Introducing… the Baby Ticks
From eavesdropping at baby showers and reading the status updates of pregnant Facebook friends, I’ve gathered the waiting at the end of the third trimester is suspenseful and both thrilling and excruciating. And now, I can relate a little better. Courtesy of a tick.
In March, Ryan Somma removed a tick from one of the dogs. There isn’t terribly unusual and we have a whole disposal routine involving the toilet. Only this time instead of getting flushed, Ryan put the tick in a specimen jar.
The last week of March, Ryan picked up the vial off his desk and I heard this:
“So this is what happens to a tick after you take it off a dog.”
Well I had to see for myself. I walked over and my first reaction mirrored Ryan’s.
Our tick had laid eggs. Hundreds and hundreds of eggs.
And like Ryan, my disgust was followed by fascination… or obsession. Both terms are equally fitting.
For that day on, I was waiting for the baby ticks. When I was home, I would wake up, feed the dogs, check on the baby ticks. Sometimes if I was having a slow afternoon, the baby ticks got checked multiple times throughout the day. When I was on business trips and called home, I would ask my usual question to Ryan, “Did I get any mail?”. And then I would ask, “How are the baby ticks?”
As with any upcoming arrival, you share your excitement with family. I told my mother about the tick eggs. I told Ryan’s mother about the tick eggs. (Neither seemed particularly impressed).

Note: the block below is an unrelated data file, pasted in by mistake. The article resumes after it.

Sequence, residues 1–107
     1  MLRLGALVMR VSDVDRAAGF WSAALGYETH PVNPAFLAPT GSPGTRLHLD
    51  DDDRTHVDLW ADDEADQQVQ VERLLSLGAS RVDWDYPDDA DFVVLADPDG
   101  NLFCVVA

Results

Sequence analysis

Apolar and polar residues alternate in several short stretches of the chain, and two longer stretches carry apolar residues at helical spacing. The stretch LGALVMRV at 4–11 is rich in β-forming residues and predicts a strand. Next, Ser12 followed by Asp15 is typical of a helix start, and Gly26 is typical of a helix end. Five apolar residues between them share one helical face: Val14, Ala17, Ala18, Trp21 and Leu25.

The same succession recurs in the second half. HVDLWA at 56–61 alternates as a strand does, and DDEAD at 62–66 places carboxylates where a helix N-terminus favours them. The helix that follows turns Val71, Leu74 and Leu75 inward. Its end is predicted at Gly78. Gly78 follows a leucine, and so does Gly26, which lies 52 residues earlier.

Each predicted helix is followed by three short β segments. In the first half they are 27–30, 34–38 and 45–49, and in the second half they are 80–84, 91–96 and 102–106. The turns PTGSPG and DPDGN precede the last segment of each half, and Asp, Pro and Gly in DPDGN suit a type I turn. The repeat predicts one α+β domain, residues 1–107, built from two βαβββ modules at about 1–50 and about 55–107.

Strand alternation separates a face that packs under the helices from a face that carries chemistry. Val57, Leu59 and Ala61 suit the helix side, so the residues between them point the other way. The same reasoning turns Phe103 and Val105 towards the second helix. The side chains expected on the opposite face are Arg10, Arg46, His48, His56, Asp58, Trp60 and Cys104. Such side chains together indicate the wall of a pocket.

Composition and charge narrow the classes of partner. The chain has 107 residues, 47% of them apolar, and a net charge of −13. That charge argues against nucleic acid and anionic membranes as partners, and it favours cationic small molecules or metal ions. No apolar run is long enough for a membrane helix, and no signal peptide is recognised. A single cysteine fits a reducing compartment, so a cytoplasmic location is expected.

Alas, despite my enthusiasm, day after day, morning after morning, those eggs were the same disgusting blobs they were on March 29th. There were no baby ticks. With each visit to the bookshelf to look at the specimen jar, I became more and more frustrated.
Finally, convinced they were dead, I gave up. I didn’t check on the ticks at all last week…. until Friday, May 1st. When I approached the specimen jar, I could see a lot of dirt on the inside.
“Dirty” Vial (Photo by Ryan Somma)
At first, I was miffed, thinking one of the neighborhood kids had decided to shake it. And then I realized…. it was the baby ticks.
THEY WERE FINALLY HERE!
Baby Ticks Waiting for the Jar to be Opened (Photo by Ryan Somma)
Our new pets aren’t exactly pretty, but they are interesting. They like to be as high as they can get. No matter how the vial is positioned, they climb to the top. You rotate it, they climb to the new top. It’s like a reverse hour glass.
FrontLine’s website says, “Regardless of species, tick eggs hatch in about two weeks.” That wasn’t the case with our baby ticks. When it was all said and done, it took them 28 – 33 days to hatch. I anticipated waited agonized for the baby ticks for roughly one human menstrual cycle. I can only imagine the suspense that accompanies one human gestation period!
Now that the baby ticks have finally arrived, I embark on another act of waiting.
This time I’m waiting for them to die.